@Dina I would still prefer that you write an answer. This was too long to put in comments.
From my experience, I agree with your statement
no transaction were sent to subscribers but log reader still have to read every entry in the transaction log. Does not matter if that log entry is being replicated or not. If you are rebuilding large indexes with high number of maxdop option your replication latency can increase very quickly. I use to pause in between index rebuilds for the logreader to catch up so I do not exceed latency SLA.
Below comments are copy pasted from 2 articles I mentioned, which are relevant to your question.
Frequently Asked Questions for Replication Administrators
Performance Tuning SQL Server Transactional Replication: A Checklist by Kendra Little
How do I rebuild indexes or tables in replicated databases?
There are a variety of mechanisms for rebuilding indexes. They can all be used with no special considerations for replication, with the following exception: primary keys are required on tables in transactional publications, so you cannot drop and recreate primary keys on these tables.
How do I add or change indexes on publication and subscription databases?
Indexes can be added at the Publisher or Subscribers with no special considerations for replication (be aware that indexes can affect performance). CREATE INDEX and ALTER INDEX are not replicated, so if you add or change an index at, for example, the Publisher, you must make the same addition or change at the Subscriber if you want it reflected there.
Are You replicating non-clustered indexes blindly?
It’s very easy to set up transactional replication and send all the indexes over to the subscriber: you just set “Copy nonclustered indexes” in the articles property to “true”. But you’re only required to replicate the Primary Key and unique indexes. There’s two big problems with replicating all the nonclustered indexes:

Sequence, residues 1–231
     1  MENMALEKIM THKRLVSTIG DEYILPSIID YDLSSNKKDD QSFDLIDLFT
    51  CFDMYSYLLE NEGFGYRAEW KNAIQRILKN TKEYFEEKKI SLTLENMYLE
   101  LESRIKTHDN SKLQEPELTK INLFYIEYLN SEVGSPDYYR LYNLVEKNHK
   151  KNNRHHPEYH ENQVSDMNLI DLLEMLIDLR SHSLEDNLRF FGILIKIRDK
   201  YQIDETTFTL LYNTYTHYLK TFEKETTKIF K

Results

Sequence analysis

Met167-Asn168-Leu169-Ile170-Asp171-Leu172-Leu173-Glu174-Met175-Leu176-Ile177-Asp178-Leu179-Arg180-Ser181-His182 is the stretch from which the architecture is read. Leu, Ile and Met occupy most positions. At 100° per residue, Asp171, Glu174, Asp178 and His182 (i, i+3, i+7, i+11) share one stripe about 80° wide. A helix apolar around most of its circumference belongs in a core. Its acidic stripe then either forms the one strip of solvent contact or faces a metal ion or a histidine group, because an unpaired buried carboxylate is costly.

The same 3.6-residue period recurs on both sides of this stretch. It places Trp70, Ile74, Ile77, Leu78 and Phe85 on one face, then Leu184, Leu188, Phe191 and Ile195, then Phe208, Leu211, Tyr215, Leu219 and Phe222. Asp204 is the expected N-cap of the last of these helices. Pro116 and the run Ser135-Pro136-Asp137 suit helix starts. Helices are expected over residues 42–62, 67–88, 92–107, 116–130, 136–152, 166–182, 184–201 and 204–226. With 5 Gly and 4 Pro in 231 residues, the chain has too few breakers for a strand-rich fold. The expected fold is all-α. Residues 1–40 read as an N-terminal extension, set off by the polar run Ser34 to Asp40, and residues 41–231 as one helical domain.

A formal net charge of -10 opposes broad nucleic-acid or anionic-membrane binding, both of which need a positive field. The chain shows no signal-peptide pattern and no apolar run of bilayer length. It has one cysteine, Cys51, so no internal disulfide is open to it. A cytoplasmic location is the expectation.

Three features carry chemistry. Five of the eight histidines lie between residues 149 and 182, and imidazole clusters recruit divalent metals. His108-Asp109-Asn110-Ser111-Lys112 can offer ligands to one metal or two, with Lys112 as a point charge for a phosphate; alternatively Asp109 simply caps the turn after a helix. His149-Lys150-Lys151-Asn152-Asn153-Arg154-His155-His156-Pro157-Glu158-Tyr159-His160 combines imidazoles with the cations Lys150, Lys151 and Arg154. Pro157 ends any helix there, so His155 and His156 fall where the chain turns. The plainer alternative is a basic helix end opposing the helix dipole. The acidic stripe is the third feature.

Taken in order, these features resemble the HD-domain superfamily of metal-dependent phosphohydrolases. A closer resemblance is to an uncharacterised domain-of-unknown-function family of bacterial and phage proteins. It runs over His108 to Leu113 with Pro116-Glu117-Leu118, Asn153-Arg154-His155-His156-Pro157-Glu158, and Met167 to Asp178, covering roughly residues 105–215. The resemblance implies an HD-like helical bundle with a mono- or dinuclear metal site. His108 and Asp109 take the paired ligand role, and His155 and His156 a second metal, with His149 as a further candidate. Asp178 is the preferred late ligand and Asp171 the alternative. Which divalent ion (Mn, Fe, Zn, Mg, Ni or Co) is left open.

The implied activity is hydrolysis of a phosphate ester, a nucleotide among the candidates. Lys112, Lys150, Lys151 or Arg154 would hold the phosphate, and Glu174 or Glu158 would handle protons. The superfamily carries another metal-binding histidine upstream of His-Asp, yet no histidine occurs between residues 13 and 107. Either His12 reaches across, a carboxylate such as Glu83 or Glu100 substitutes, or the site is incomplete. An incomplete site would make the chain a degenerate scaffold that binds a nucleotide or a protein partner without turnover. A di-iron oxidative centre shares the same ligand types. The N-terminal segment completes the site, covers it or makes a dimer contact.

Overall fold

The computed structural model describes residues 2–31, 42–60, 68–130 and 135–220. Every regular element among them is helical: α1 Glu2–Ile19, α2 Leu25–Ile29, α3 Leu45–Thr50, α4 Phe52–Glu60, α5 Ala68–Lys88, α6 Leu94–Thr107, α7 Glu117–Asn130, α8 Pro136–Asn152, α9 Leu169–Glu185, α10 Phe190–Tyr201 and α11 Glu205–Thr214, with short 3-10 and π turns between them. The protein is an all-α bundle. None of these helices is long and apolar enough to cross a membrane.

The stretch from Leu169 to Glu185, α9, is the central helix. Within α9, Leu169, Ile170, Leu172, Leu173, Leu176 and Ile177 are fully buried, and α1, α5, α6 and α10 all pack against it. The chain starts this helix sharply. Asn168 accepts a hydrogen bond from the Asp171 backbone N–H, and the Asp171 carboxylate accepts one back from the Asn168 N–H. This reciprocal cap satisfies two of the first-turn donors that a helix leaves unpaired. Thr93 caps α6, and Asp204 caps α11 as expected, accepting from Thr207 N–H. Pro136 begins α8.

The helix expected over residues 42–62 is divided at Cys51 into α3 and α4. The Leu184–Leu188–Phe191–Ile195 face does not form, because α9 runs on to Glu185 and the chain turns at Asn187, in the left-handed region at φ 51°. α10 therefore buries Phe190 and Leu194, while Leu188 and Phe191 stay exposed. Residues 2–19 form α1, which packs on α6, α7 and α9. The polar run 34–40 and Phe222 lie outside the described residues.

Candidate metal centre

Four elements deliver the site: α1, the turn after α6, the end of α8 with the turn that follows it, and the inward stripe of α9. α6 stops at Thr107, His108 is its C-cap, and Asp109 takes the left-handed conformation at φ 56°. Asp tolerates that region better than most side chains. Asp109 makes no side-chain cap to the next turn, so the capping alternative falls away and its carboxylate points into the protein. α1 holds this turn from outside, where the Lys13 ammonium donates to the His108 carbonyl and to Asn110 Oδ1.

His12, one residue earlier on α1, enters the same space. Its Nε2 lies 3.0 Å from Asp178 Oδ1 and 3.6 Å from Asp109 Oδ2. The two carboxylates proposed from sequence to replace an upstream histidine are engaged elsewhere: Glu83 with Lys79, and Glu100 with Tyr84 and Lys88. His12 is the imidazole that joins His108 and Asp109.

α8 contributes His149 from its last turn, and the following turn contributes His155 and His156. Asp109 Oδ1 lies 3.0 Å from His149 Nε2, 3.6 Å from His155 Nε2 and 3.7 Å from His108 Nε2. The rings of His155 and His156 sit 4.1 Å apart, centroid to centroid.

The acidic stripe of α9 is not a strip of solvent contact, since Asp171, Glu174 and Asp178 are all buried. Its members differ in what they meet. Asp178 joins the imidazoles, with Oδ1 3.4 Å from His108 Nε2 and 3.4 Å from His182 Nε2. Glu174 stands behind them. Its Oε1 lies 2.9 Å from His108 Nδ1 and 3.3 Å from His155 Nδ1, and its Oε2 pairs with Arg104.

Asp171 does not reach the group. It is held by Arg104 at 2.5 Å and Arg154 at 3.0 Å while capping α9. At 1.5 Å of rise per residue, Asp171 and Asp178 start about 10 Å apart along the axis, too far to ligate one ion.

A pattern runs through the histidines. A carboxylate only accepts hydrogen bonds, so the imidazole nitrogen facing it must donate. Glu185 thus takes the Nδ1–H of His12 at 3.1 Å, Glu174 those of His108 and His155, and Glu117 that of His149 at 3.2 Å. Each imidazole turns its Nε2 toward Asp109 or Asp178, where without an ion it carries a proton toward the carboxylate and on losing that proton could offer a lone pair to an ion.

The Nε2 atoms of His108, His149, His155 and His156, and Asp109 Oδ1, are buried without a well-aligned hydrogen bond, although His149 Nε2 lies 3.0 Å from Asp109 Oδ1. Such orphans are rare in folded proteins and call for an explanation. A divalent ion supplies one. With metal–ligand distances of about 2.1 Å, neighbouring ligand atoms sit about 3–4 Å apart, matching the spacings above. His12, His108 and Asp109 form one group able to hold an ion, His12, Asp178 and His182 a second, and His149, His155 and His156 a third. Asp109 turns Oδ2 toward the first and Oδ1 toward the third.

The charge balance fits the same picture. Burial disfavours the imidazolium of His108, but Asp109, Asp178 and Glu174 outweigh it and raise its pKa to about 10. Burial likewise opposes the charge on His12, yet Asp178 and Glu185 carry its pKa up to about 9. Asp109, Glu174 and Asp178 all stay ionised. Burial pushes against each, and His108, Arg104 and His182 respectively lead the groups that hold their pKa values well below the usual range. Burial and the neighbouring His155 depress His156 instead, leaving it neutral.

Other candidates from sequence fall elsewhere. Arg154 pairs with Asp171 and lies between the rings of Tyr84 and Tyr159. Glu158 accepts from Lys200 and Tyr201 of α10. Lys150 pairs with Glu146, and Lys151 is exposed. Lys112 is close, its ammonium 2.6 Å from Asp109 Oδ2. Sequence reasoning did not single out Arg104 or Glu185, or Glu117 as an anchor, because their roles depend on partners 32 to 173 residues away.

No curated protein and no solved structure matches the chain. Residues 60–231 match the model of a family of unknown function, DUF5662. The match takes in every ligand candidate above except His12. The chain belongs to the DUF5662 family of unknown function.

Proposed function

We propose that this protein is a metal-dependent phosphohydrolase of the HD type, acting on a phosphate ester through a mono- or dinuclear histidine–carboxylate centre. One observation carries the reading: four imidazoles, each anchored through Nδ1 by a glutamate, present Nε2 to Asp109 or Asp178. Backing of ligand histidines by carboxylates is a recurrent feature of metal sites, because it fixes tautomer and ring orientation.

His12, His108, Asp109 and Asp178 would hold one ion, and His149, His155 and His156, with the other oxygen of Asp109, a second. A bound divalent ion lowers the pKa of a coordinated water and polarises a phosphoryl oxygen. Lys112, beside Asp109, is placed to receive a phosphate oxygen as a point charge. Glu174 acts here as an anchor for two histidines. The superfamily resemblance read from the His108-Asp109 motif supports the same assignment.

- It can make re-initialization slower. By default the subscriber will
have objects created, bulk load the articles, create “extra”
nonclustered indexes, then “catch up” on any changes that came in
after the snapshot was pushed. You definitely want to make sure that
all “extra” nonclustered indexes are disabled or don’t exist while
that bulk load is happening. But if a lot may have changed since the
snapshot ran, you may not want the indexes to be created until the
very end, anyway. Handling the nonclustered index creation outside of
replication gives you that flexibility.
- It’s very rare for the exact same queries to run on the publisher and
subscriber. You usually want nonclustered indexes that are specific
to the workload on the subscriber, anyway.
Identify the “extra” nonclustered indexes specific to the queries that run on the subscriber. Script them out, check them into your source control, and have a process to deploy them whenever replication needs to be re-initialized.